Application of Blockchain in Libraries and Information Centers

Application of Blockchain in Libraries and Information Centers

Isaiah Michael Omame (Federal University of Lafia, Nigeria) and Juliet C. Alex-Nmecha (University of Port Harcourt, Nigeria)
DOI: 10.4018/978-1-7998-7258-0.ch020
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Abstract

This chapter explored the concept and application of blockchain technology in libraries and information centers. Blockchain is one of the emerging technologies thriving in the fourth industrial revolution. It is the application of cryptography for creating a time-stamped, immutable, and dynamic database, distributed across nodes in a network. Although its emergence began with cryptocurrencies, advancement in this technology has given birth to a fourth generation of blockchain with industrial disruptive capabilities, cutting across various fields including library and information science. Accordingly, the application of blockchain in libraries and information centers was thoroughly examined. Specifically, the chapter underscored the application of blockchain in circulation services, collection development, storage and archiving of records, research data management, cataloging and classification, indexing and abstracting, digital first right (DFR), etc. Lastly, the merits and demerits of blockchain in libraries and information centers were furnished accordingly.
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Introduction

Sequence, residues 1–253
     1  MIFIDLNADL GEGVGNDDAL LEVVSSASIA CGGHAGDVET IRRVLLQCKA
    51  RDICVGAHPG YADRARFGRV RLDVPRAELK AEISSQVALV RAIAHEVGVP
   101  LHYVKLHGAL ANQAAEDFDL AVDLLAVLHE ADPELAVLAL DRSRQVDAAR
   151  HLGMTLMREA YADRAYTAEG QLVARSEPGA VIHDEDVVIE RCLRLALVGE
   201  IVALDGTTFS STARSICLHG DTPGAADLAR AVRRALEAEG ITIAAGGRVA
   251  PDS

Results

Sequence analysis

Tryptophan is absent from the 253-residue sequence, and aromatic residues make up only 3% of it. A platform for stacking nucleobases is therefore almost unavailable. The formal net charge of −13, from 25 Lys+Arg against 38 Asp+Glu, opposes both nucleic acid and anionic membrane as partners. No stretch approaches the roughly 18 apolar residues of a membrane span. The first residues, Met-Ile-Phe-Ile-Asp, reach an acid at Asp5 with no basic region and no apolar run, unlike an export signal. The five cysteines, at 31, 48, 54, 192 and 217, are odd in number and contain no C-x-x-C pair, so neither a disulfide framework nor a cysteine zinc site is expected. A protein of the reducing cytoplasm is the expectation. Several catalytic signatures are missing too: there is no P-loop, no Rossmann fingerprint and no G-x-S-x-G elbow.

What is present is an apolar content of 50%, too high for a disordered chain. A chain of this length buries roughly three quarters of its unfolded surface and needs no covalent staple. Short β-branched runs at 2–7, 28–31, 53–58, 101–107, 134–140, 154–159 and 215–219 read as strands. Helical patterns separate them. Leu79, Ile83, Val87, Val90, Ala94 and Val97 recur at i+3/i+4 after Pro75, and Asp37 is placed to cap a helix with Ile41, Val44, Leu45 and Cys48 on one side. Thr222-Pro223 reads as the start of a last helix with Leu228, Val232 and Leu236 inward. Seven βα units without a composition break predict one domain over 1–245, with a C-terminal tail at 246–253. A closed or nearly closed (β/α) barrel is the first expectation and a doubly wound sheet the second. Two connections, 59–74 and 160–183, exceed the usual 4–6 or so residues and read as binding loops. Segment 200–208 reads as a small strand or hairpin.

Libraries have evolved through various technological and industrial revolutions. In the past, libraries have acquired, stored and preserved information in various media: stone, clay tablet, parchment, papyrus, paper, microform, and now the digital or electronic media. Thus far, libraries have relentlessly fought against agents of deterioration, to preserve and conserve the information contents in these various media. Consequently, various strategies and policies were adopted to secure and preserve library information resources for posterity. Nowadays, the increasing demand and use of digital information resources have necessitated libraries and information centres to acquire the same, in order to satisfy the information needs of their clientele. Unfortunately, advancement in the development and use of the digital media also came with lots of challenges. These include but not limited to: privacy issues regarding information, unauthorized access and theft of information, computer viruses and other malware that corrupt information contents, cost incurred in procuring and maintaining servers, etc. Hitherto, files and databases were used to store, organise, secure, preserve and also retrieve information from a centralised Web or File Transfer Protocol (FTP) Server. Nonetheless, issues regarding privacy and tampering of data still remain threat to confidentiality, integrity and availability of information. As library and information services increasingly move online, one of the challenges online users face is divulging or entrusting their personal and research/academic data to other parties (Hoy, 2017). Interestingly, the emergence of blockchain technology have alleviated some of these problems. It is a technology that makes information decentralised and distributed, making it difficult for unauthorised party to hack, tamper or fake. Blockchain as a veritable solution to the issues of cost, security, privacy and transparency of digital information, hence, the need for the adoption and utilisation of this technology in libraries and information centres.